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- December 13, 2018
- Markus Hornburg
- Finance & AP
For the past 20 years, I have been a passionate evangelist for e-invoicing, which may seem like an odd thing to feel passionate about. One of the reasons is that I’ve been involved since the very beginning. I was working as a technical writer on documentation for mechanical types of things when I was tapped to write the documentation for a consortium of Swiss banks that were embarking on a collaboration with Switzerland’s taxing authorities to create legal standards and protocols for accepting electronic invoices.
Witnessing the birth of something new always creates an emotional connection; on top of that this was a perfect challenge. As a tech writer, your goal is to make complex things understandable. This project, sitting at the intersection of VAT rules and regulations and enterprise business process automation was complexity squared. As I came to understand both topics, I could see the great possibility for e-invoicing to make global trade so much more efficient, thereby changing the world.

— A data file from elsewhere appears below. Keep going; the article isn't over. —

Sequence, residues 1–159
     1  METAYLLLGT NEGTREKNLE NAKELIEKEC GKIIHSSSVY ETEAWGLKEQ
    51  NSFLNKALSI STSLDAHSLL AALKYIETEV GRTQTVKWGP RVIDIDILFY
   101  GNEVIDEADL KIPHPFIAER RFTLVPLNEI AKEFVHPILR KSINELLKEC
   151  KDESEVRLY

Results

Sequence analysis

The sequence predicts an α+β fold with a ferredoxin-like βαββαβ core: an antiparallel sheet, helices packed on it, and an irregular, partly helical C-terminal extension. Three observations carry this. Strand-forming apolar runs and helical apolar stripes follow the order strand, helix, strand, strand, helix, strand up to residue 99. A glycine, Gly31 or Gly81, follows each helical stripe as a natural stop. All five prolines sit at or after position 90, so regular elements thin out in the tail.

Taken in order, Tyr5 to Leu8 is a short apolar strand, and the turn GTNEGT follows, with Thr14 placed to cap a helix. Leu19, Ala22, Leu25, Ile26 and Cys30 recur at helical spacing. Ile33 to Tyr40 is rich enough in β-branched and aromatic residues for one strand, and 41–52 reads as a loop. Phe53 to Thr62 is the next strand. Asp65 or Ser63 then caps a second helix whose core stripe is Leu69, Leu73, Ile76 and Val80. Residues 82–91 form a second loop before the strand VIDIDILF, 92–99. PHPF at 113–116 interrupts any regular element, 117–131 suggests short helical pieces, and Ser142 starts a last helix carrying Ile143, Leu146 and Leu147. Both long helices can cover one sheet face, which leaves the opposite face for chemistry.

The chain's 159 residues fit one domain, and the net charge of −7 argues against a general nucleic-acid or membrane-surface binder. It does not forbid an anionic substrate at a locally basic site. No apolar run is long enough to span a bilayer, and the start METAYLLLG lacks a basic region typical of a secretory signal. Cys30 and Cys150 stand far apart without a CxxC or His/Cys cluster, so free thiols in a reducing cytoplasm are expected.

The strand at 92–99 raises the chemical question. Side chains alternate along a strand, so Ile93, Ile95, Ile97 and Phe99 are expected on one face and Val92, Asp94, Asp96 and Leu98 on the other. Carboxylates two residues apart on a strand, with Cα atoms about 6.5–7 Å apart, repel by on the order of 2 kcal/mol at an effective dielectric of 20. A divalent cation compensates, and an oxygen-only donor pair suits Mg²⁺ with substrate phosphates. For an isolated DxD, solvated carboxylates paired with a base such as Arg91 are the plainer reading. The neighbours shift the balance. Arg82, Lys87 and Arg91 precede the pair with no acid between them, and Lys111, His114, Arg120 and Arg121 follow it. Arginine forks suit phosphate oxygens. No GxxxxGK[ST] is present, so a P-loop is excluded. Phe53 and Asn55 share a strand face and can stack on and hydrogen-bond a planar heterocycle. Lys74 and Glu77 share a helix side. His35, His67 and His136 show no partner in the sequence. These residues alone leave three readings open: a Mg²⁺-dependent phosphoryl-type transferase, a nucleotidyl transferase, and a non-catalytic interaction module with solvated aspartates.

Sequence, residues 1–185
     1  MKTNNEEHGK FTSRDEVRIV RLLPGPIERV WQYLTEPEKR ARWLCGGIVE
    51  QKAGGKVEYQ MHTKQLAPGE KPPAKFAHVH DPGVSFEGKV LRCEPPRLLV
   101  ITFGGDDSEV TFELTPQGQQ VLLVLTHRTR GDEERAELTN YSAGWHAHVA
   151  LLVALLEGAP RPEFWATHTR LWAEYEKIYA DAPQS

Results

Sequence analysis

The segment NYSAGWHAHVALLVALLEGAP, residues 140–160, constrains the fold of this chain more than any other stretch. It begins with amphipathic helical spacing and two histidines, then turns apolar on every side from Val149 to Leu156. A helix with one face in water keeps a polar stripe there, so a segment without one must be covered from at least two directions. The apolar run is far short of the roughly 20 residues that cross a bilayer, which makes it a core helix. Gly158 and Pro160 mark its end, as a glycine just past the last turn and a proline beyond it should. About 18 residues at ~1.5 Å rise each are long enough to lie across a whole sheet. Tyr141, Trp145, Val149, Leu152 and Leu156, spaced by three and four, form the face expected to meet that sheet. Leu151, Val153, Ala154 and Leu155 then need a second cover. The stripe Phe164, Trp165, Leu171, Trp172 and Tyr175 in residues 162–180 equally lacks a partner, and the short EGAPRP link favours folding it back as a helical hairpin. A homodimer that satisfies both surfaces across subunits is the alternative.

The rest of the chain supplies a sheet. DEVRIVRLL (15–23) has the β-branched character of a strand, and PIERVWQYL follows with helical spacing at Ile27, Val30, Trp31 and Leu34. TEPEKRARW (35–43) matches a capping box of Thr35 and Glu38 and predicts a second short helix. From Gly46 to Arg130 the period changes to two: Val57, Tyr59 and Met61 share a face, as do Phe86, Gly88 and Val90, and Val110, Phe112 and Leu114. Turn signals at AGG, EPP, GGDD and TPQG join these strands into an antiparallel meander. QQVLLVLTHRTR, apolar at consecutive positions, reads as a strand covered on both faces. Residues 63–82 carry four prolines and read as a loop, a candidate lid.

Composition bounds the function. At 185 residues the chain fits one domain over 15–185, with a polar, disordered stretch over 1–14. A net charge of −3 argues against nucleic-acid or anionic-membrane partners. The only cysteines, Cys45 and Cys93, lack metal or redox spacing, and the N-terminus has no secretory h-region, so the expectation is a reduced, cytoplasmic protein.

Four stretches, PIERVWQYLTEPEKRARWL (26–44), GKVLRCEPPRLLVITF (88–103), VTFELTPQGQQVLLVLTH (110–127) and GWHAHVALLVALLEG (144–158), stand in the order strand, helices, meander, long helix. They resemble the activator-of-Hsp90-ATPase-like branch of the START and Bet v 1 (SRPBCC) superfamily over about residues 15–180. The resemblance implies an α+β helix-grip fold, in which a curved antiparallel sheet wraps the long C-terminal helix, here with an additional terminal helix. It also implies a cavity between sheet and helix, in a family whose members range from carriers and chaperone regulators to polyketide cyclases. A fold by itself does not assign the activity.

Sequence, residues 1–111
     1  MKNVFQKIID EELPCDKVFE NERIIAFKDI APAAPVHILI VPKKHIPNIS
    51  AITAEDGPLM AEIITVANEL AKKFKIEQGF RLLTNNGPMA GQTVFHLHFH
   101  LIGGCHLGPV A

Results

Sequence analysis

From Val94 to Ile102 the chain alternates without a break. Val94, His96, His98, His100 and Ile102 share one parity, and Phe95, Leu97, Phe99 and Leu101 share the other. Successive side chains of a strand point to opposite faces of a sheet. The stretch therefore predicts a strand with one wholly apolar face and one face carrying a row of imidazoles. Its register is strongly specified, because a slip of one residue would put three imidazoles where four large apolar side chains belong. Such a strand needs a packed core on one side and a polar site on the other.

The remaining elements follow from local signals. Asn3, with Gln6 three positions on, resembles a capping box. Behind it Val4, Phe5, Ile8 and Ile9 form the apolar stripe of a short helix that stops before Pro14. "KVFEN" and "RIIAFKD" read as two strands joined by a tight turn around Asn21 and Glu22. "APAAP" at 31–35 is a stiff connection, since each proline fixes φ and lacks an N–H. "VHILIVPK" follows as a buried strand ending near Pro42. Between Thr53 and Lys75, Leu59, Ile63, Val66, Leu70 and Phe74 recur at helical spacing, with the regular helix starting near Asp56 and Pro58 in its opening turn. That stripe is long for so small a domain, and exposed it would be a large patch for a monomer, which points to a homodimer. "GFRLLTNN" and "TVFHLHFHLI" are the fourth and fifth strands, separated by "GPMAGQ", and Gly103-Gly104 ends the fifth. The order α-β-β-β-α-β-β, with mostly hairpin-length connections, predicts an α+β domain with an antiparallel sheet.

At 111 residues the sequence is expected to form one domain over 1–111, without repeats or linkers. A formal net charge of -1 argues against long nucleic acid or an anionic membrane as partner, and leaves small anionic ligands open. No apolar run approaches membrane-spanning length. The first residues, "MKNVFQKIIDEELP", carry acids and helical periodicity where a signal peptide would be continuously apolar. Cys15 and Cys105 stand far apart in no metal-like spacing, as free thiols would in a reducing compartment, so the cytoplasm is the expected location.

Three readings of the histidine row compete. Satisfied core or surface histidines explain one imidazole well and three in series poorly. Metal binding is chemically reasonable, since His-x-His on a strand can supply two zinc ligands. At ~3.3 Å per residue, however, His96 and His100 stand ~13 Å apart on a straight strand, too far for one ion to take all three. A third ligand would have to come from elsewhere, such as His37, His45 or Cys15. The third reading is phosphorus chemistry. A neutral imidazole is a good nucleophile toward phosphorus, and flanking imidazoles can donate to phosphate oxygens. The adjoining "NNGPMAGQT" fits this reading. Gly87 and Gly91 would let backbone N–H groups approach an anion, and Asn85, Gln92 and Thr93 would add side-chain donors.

I also came to see the work of tax compliance professionals as strategically important. These people must gather data on every part of the business. With the visibility that e-invoicing would provide, they could spend less time gathering data and more time providing insights to leadership to improve the operations of the business.